Wednesday, September 3, 2014

The Lightbearers: Part 1- Jailbreak


So here it is; the beginning of a new campaign.  It's a playtesting campaign, but to me and my storytelling that means nothing.  If anything, it simply means I need to pay more attention to the Rules As Written.  This is all going to FFG, after all.

So here are my PCs...

Player
Name
Race
Career
Specialization
Morality
Motivation
Andrew
Vel Kloon
Kel Dor
Consular
Sage &
Niman Disciple
Curiosity/
Recklessness
Ambition: Enlightenment
Brett
Fen-Lian-
Crenn
Cerean
Guardian
Soresu Defender
Bravery/ Anger
Cause: Freedom & Ambition: Discovery
Kirk
Xi’quar Vesh  
Togruta
Warrior
Starfighter Ace
Independence/ Coldness &
Curiosity/ Obsession
Ambition: Survival
Kimber
Irith
Human
Sentinel
Artisan
Pride/ Arrogance
Faith: Friends and Family & Faith: Science and Reason
Mike
Voren Jaxx
Nautolan
Warrior
Shii-Cho Knight
Enthusiasm/ Recklessness
Cause:
Help the Helpless
Noah
Kuru
Togruta
Seeker
Ataru Striker
Curiosity/ Obstinateness
Faith: Natural World

Not a bad group, to be sure.  They'd be quite formidable if they weren't all waking up in their own detention cell aboard an Imperial Corvette.  Without any equipment.  Or weapons.  Or armor other than a bright orange jump-suit.

Fortunately for them, that didn't last long.

A slightly different start than "You are all in a cantina when..."

Vigil-Class Corvette Yardway
Orbiting above a currently-unknown planet
0 ABY (4 months after the Battle of Yavin)

The PCs wake up sore but alive, with fleeting memories of some violent abduction from wherever they were before, and vague recollections of being in some examination/interrogation room facing some pale human male with yellow eyes.  They wake up to explosions rocking them in their cells, tossing them about.  The force fields that keep them in their cells flicker and fail, as do the main lights in the hallway outside.  An alert comes over some intercom saying that there's been a power loss to the brig, and that security should secure the prisoners.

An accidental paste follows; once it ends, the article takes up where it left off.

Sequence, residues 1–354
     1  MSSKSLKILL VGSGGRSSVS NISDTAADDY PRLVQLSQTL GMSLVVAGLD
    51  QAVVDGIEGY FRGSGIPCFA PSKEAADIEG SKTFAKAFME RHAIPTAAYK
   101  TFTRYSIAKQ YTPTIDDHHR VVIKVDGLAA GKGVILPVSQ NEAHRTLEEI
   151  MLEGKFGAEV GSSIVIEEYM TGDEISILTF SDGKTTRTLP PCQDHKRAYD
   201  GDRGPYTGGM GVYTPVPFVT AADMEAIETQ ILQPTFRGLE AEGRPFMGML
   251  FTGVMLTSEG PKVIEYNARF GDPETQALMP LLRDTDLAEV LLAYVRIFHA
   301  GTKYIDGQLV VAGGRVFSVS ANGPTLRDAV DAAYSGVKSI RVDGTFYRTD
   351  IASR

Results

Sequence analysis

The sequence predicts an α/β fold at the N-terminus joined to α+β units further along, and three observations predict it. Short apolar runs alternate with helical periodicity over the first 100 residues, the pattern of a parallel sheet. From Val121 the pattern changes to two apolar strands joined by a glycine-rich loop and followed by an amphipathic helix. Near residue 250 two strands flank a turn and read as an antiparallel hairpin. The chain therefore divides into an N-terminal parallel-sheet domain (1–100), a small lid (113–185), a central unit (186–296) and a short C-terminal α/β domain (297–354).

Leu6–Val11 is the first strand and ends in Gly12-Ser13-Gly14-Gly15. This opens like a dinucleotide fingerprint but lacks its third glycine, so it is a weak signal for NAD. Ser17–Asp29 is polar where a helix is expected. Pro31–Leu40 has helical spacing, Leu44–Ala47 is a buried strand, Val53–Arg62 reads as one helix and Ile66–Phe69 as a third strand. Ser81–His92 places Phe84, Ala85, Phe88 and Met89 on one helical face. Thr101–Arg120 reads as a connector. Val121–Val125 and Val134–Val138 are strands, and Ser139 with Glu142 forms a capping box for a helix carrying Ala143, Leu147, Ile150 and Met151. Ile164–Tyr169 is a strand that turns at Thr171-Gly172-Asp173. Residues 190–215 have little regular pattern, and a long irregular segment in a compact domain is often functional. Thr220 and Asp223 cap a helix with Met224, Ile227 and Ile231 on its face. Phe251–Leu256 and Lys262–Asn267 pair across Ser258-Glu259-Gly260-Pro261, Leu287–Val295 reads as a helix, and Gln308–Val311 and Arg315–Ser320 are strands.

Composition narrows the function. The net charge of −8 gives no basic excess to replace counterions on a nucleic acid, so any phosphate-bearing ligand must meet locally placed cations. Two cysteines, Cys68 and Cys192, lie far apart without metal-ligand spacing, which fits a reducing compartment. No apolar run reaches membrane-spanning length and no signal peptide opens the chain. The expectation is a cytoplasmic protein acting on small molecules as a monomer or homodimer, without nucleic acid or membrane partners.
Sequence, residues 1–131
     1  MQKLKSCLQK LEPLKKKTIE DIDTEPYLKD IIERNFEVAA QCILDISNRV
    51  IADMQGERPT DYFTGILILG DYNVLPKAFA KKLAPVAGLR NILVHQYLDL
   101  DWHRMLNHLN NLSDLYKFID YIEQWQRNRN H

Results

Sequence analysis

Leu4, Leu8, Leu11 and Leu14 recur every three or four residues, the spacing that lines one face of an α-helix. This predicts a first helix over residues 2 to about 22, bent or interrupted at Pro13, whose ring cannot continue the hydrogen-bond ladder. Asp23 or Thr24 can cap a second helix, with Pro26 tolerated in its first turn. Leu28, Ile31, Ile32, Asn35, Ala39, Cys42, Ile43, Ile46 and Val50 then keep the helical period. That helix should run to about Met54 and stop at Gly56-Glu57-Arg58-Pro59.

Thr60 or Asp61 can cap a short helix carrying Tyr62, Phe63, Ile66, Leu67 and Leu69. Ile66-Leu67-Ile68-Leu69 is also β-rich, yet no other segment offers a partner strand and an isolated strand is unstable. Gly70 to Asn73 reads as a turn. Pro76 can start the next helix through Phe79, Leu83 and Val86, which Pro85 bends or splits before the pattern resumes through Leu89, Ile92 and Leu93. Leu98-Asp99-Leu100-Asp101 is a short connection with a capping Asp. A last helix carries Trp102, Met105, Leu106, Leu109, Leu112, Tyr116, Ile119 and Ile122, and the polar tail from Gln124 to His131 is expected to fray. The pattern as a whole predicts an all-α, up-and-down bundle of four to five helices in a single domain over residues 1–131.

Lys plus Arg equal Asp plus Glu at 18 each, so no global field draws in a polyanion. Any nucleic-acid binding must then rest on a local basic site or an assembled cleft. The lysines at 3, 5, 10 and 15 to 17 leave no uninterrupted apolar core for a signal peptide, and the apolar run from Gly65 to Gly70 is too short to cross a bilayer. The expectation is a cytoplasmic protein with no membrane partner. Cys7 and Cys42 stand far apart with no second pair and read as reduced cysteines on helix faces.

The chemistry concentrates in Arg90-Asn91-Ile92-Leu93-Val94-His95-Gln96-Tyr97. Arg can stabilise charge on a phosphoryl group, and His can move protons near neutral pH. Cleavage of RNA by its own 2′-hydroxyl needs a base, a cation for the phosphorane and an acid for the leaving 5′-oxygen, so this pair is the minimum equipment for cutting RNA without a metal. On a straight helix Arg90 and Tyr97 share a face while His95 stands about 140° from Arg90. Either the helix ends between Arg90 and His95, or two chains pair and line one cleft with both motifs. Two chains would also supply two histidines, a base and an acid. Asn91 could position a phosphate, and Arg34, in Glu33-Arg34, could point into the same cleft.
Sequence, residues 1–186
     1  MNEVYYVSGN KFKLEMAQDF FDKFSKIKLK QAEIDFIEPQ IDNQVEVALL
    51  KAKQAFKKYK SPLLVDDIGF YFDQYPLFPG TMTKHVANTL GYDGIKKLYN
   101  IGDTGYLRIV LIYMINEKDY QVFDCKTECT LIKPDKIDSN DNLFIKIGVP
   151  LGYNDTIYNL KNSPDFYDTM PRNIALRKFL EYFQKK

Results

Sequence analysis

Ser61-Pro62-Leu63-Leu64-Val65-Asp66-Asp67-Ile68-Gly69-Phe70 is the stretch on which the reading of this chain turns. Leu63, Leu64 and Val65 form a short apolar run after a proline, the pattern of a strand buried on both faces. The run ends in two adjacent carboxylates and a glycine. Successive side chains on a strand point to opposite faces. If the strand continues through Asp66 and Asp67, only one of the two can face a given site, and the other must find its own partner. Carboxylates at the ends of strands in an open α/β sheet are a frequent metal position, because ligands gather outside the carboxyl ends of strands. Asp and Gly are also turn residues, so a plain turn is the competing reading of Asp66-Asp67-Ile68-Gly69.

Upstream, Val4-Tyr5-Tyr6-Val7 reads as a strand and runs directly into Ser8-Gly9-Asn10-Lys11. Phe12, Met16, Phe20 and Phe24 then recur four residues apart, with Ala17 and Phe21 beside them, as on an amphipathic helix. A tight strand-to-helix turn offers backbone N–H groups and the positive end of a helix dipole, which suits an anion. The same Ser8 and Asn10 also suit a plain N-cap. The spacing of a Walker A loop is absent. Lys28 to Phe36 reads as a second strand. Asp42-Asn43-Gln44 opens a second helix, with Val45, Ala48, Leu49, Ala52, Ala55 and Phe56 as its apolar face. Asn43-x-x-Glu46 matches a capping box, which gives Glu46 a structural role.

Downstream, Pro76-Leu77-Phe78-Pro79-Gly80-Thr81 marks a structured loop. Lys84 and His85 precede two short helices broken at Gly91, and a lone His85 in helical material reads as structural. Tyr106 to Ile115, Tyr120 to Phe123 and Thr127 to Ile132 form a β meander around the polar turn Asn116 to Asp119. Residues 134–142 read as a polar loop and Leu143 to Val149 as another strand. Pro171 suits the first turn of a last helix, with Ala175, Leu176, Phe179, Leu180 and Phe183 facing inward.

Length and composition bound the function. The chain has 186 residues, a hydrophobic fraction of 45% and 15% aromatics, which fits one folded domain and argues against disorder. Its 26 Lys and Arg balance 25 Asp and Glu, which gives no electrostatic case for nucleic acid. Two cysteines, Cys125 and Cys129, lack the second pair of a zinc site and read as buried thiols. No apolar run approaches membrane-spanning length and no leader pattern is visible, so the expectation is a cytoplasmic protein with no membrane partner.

At this point the PCs sprung into action.

They investigated the area, finding two dead Imperial Naval Troopers and one barely alive one trying to draw his blaster but failing due to 3rd degree burns over the entire right side of his body.  Eventually the PCs grab weapons from the fallen guards as well as their own gear from the two storage lockers in the security office.  They fail to open the second locker before two groups of Naval Troopers and an Officer finally breach the doors to the Brig and come in blasting.

The PCs didn't take the Conflict-earning bait and kill the dying guard, and in fact Irith tried to treat him.  They ended up disarming him and leaving him tied up but alive for whomever to find.

The rest of the PCs acted to the situation according to their Morality and Motivation; Voren grabbed whatever melee weapon was at hand and charged into melee (where his Shii-Cho talents aided his attacks).  Fen moved to the northern door and barred the second team entry, weaponless but determined.  Kuru got his carbine and started taking out troopers, and Xi'quar grabbed a blaster and as much cover as he could to stay alive.  Irith got the security console working again and locked the door to the North, allowing Fen to move to retrieve his gear. 

Vel did his best trying to assist in the endeavor, and in fact all encounters this session.  Apparently, the dice were not with him this adventure, as he rarely scored any successes or much of anything beneficial with his rolls.  Still, he tried and did as admirably as he could.